The annual time change is always associated with great effort for Deutsche Bahn. There are a few things that travelers have to consider.
- The annual Clock changes there is heated debate in March and October.
- The Deutsche Bahn tries to ensure adherence to the timetable despite the changeover.
- What kind of DB travelers must be observed when changing the time.
Frankfurt – For them Deutsche Bahn are the annual Clock changes always a big challenge in March and October. It is of course very similar with the customers of the DB out. These are due to the changes in the Timetable the railways are constantly faced with challenges. But what exactly do train travelers have to watch out for when they are traveling by train at night and the time is changed over?
In 2021 it will be that time again on the night of Sunday, March 28th. The clocks are on the Central European Summer Time (CEST) posed. A fact that travelers with Deutsche Bahn definitely need in advance of their train ride should pay attention to. Especially when important appointments on early Sunday morning have to be met or connecting trains have to be caught. But when it comes to the time change, breakdowns at Deutsche Bahn cannot be ruled out, as a case from 2019 shows.
Deutsche Bahn: What does the time change mean for the DB timetable?
As the Deutsche Bahn announces on their homepage, the operational processing is generally easier when changing the clock from winter to summer time. The reason: very simple. After 1:59 a.m. comes 3:00 a.m. All trains that are on the move during this time are ultimately missing an hour. Means: You arrive at the destination station one hour late. Since the DB timetable however, if some passenger trains plan to stay longer at night anyway, these will be loud Deutsche Bahn simply shortened to compensate for the lost hour. This also applies to local public transport. Only S-Bahn trains that, according to the timetable, would be on the road between 1.59 and 3.00 a.m. will be canceled without replacement.
However, this information could not solve all questions for a customer. On the Facebook page of “Deutsche Bahn Personenverkehr” she asked: “If I look for a connection in the app now, is that already taken into account in the times that are displayed?” The answer of the DB was not long in coming. “No, because the trains don’t run this hour. So if trains run between 2 a.m. and 3 a.m., these are not applicable (local traffic).
Time is taken into account in long-distance transport, ”says DB. But that’s not quite true, as a subtle user said Facebook clarified. “If the Time change during the train ride takes place, so drives train, (…) only the trains that start between 2 and 3 o’clock are usually canceled, ”said the user. The employee of the German train, who dealt with the question, admitted the misinformation and agreed: “Yes, that’s what I meant.”
Time change at Deutsche Bahn: How is compliance with the DB timetable ensured?
It gets more complicated loud DBif on the last Sunday in October – in 2021 on October 31st – the clocks are set back to winter time. In other words: In this case, the clock hands jump back from 2.59 a.m. to 2.00 a.m. And the trains? In the meantime, they linger “at a suitable one railway station“As it was on the part of the train called. In this way it can be ensured that the trains reach their destinations on schedule and on time and that “they don’t arrive an hour early in the morning.”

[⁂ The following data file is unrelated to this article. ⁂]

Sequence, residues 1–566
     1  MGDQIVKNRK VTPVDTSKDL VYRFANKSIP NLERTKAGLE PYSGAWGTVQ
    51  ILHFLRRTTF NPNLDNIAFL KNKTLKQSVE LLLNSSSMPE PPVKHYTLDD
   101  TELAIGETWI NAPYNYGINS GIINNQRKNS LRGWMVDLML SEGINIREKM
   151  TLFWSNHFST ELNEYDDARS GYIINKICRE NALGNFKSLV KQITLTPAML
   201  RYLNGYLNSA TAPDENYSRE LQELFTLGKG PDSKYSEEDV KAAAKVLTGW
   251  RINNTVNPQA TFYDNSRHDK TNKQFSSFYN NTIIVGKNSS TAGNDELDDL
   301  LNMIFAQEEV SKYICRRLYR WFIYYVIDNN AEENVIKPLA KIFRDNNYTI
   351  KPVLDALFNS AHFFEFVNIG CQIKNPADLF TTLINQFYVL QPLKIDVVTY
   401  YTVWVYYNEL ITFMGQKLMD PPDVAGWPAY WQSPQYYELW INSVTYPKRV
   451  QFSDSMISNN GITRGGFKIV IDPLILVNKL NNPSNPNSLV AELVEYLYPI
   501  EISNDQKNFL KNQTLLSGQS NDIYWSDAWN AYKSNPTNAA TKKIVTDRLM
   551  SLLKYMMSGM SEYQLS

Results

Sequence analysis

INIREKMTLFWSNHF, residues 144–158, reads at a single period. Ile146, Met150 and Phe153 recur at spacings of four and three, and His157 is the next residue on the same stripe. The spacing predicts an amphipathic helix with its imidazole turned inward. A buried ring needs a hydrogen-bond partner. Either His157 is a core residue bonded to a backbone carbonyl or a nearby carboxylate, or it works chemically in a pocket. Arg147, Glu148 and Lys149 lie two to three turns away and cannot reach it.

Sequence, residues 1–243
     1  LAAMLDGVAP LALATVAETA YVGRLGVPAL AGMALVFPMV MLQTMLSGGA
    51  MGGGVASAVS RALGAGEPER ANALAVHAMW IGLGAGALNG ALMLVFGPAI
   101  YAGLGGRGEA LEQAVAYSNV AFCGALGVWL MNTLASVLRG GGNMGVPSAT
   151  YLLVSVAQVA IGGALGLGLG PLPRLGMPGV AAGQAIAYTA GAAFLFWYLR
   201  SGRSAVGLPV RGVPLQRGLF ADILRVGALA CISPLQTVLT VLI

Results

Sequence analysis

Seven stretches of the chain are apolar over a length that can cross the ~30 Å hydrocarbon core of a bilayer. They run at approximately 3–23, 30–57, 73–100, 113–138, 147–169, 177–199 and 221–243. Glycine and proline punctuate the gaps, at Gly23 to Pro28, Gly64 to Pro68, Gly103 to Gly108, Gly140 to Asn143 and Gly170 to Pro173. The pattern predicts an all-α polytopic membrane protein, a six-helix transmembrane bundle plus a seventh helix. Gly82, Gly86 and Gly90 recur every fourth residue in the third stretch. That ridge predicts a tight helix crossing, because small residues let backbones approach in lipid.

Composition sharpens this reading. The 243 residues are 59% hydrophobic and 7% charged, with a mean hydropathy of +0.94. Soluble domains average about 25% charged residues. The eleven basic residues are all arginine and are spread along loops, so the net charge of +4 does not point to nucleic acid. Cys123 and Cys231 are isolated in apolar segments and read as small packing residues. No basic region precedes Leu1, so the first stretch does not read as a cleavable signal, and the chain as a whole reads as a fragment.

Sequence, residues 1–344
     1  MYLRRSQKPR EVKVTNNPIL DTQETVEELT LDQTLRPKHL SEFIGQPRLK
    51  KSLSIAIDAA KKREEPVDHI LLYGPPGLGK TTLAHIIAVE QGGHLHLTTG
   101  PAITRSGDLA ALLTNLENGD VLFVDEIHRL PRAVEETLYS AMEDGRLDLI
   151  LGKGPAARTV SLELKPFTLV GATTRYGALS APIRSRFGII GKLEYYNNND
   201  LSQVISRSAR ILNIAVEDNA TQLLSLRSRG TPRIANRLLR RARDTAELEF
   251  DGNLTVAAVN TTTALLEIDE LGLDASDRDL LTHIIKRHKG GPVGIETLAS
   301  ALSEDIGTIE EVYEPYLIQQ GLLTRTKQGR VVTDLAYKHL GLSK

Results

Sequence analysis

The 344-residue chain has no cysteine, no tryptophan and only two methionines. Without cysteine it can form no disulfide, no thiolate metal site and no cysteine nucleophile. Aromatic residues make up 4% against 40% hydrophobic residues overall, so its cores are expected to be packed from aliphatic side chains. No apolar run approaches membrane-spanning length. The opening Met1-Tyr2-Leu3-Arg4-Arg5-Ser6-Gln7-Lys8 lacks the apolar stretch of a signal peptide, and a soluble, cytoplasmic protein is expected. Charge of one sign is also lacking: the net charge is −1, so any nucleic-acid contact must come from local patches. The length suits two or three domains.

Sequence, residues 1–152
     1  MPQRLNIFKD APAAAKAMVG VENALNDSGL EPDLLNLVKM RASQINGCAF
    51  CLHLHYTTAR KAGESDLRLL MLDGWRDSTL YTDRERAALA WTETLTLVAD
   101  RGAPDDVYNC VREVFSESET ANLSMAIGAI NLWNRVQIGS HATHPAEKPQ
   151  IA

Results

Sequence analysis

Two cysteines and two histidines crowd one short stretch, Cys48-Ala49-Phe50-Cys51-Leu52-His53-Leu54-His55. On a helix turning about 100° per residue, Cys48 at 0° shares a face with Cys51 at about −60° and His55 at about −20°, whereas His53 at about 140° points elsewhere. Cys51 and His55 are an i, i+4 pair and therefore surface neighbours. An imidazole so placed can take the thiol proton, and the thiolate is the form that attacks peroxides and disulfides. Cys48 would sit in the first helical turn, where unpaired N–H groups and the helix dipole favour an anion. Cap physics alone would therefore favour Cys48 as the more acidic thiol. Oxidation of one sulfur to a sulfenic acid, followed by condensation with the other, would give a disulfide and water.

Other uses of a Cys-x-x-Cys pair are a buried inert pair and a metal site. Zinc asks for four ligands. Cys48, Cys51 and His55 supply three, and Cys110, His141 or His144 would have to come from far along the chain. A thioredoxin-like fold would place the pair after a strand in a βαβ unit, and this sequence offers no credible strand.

Deutsche Bahn (DB): How is S-Bahn traffic affected by the time change?
It is different with the Time change but in October in the S-Bahn traffic. S-Bahn with a scheduled departure time between 2:00 a.m. and 3:00 a.m., they run twice that night. This is provided by a timetable specially designed for this night German train in front. The trains run once before and once after the clocks have been changed. According to Deutsche Bahn, this also means that more staff and a larger number of vehicles are required to ensure smooth operations. This usually means “a lot of effort for timetable creators, personnel dispatchers and signal box crew”. Of course, the travelers hardly notice any of this.
|Number of clocks at DB train stations||17,000|
|Number of clocks controlled by radio signals||6,000|
|DB parent clocks that control a certain number of other clocks||2,500|
DB and time change: This is how the clocks tick at Deutsche Bahn
Incidentally, at Deutsche Bahn, the pointer of the clock should be on platform give the signal that the train can set in motion. If the pointer jumps to the next minute, the train should start moving in the best case. There is a special feature at DB: “The second hand stops for two seconds just before the minute is completed. “In order to gain this time, the second hand only needs 58 seconds to travel around the clock,” says Deutsche Bahn on its website. This will all Clocks on a whole railway station constantly compared with each other.
The Deutsche Bahn to the radio signal of the Physikalisch-Technische Bundesanstalt (PTB) in Braunschweig. “This signal is used by the DB taken from self-sufficient radio clocks as well as from around 2,500 mother clocks and passed on from there to all other clocks in the DB area, ”explains the railway on its website. (Yannick Little)
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